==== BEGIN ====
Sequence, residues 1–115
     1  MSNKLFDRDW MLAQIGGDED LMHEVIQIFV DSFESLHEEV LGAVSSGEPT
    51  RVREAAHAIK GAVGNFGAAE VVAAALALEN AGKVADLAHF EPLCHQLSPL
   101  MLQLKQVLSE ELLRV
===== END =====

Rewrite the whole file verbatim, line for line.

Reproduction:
Sequence, residues 1–115
     1  MSNKLFDRDW MLAQIGGDED LMHEVIQIFV DSFESLHEEV LGAVSSGEPT
    51  RVREAAHAIK GAVGNFGAAE VVAAALALEN AGKVADLAHF EPLCHQLSPL
   101  MLQLKQVLSE ELLRV